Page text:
Today, funk lives in many places, with its heavy bass and syncopated grooves finding way into many nooks and crannies of music. There's nu-disco and boogie funk, nodding back to disco bands with soaring vocals and dance floor-designed instrumentation. G-funk continues to influence Los Angeles hip-hop, with innovative artists like Dam-Funk and Channel Tres bringing the funk and G-funk, into electro territory. Funk and disco-centered '70s revival is definitely having a moment, with acts like Ghost Funk Orchestra and Parcels, while its sparkly sprinklings can be heard in pop from Dua Lipa, Doja Cat, and, in full "Soul Train" character, Silk Sonic. There are also acts making dreamy, atmospheric music with a solid dose of funk, such as Khruangbin’s global sonic collage.

There are many bands that play heavily with funk, creating lush grooves designed to get you moving. Read on for a taste of five current modern funk and nu-disco artists making band-led uptempo funk built for the dance floor. Be sure to press play on the Spotify playlist above, and check out GRAMMY.com's playlist on Apple Music, Amazon Music and Pandora.

Say She She

Aptly self-described as "discodelic soul," Brooklyn-based seven-piece Say She She make dreamy, operatic funk, led by singer-songwriters Nya Gazelle Brown, Piya Malik and Sabrina Mileo Cunningham. Their '70s girl group-inspired vocal harmonies echo, sooth and enchant as they cover poignant topics with feminist flair.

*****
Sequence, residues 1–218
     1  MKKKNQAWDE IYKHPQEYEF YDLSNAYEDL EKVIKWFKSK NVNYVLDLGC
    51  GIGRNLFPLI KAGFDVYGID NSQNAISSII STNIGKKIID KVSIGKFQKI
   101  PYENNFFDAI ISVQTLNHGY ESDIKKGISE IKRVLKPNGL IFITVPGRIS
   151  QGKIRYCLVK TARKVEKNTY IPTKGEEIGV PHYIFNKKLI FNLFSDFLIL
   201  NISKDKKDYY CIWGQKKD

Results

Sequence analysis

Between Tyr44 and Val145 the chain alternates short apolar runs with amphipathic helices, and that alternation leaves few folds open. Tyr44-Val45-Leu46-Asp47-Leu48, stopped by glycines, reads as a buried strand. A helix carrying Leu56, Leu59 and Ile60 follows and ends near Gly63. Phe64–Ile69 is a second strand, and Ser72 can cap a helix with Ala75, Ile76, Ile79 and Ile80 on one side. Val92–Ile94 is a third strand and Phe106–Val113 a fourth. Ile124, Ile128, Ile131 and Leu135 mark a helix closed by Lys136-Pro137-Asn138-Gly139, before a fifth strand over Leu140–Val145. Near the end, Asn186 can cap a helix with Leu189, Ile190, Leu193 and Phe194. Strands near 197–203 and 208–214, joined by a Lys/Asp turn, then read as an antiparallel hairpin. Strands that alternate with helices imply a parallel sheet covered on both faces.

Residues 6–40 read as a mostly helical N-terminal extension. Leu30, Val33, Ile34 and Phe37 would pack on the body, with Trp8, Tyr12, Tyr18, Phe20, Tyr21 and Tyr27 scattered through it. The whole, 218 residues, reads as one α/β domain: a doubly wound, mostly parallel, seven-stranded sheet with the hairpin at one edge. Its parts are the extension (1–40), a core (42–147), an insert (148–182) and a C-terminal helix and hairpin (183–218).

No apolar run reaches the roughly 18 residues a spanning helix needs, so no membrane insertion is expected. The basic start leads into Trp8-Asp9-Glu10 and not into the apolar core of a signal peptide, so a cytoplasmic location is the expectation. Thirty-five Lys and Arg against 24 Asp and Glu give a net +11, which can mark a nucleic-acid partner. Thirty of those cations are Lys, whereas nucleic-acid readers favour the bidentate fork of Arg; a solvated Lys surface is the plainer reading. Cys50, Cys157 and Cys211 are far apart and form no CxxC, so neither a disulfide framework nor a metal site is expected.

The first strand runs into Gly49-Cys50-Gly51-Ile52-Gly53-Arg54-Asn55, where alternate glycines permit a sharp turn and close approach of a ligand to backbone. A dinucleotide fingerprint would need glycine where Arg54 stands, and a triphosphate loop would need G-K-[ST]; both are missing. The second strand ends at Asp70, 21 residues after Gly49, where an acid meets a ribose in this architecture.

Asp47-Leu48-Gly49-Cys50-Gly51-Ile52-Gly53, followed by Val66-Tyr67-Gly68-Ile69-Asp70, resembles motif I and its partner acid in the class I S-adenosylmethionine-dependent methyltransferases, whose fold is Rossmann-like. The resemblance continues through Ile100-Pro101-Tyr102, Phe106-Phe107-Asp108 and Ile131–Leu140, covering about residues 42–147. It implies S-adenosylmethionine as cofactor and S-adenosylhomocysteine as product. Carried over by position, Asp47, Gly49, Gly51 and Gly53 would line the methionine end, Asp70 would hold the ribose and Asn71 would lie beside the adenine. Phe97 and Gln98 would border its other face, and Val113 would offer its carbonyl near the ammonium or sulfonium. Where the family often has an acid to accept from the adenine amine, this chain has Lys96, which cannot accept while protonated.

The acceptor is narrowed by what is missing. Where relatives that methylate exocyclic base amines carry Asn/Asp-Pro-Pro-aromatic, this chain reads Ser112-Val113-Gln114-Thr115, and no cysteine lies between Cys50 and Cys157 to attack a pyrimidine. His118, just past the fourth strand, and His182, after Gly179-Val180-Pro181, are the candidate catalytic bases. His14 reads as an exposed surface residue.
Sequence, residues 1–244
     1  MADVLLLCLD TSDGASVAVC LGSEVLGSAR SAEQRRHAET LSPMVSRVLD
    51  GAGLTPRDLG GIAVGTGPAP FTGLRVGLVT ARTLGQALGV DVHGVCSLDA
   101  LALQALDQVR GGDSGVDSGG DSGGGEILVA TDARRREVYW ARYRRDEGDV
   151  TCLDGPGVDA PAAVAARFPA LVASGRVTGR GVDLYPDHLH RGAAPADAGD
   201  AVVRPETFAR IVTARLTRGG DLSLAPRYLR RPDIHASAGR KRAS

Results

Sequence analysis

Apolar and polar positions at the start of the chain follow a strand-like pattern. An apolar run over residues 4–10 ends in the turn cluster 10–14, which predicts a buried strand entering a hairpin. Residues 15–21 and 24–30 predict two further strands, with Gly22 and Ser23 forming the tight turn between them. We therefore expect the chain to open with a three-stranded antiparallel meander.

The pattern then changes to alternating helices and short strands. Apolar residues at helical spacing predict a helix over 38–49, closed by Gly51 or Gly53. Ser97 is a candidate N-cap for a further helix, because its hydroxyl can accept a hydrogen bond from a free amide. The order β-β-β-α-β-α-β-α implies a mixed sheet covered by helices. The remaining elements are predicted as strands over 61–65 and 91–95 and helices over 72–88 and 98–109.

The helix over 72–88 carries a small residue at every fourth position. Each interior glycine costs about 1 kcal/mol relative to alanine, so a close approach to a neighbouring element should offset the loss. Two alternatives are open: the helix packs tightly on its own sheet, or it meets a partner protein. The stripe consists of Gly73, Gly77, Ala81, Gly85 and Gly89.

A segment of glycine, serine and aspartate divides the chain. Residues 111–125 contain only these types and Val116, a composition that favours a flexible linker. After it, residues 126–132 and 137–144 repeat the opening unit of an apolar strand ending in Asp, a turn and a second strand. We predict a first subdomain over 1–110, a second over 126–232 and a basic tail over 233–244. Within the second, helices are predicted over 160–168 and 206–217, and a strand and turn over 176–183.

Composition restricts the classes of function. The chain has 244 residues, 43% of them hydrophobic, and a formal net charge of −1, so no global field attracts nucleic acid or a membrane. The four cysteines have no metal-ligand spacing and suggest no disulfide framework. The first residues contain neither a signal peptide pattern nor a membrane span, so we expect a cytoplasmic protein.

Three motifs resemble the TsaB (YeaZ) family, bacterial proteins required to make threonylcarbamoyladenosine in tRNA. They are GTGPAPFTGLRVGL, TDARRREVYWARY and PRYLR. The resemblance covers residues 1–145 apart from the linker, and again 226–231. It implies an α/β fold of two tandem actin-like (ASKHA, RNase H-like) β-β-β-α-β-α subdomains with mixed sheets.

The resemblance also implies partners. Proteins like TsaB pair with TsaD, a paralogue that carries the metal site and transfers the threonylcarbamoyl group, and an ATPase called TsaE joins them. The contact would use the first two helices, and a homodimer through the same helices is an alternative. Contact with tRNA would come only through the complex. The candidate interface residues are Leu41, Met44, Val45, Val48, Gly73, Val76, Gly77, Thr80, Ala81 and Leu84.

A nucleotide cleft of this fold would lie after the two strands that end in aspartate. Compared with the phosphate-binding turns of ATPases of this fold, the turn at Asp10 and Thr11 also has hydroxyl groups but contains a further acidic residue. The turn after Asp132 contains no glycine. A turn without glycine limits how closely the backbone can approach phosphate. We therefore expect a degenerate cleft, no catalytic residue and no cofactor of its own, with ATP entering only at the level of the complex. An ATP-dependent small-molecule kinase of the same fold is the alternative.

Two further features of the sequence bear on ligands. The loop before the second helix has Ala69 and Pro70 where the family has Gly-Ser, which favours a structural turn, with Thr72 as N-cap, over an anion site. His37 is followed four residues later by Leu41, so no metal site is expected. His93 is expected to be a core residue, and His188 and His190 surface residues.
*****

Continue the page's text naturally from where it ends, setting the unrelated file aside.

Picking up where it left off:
While they’ve been active in the New York scene for a few years, they’ve gained wider acclaim for the irresistible music they began releasing this year, including their debut album, Prism. Their 2022 debut single "Forget Me Not" is an ode to ground-breaking New York art collective Guerilla Girls, and "Norma" is their protest anthem in response to the news that Roe vs. Wade could be (and was) overturned. The band name is a nod to funk legend Nile Rodgers, from the "Le freak, c'est chi" exclamation in Chic's legendary tune "Le Freak."

Moniquea

Moniquea's unique voice oozes confidence, yet invites you in to dance with her to the super funky boogie rhythms. The Pasadena, California artist was raised on funk music; her mom was in a cover band that would play classics like Aretha Franklin’s "Get It Right" and Gladys Knight’s "Love Overboard." Moniquea released her first boogie funk track at 20 and, in 2011, met local producer XL Middelton — a bonafide purveyor of funk. She's been a star artist on his MoFunk Records ever since, and they've collabed on countless tracks, channeling West Coast energy with a heavy dose of G-funk, sunny lyrics and upbeat, roller disco-ready rhythms.

Her latest release is an upbeat nod to classic West Coast funk, produced by Middleton, and follows her February 2022 groovy, collab-filled album, On Repeat.

Shiro Schwarz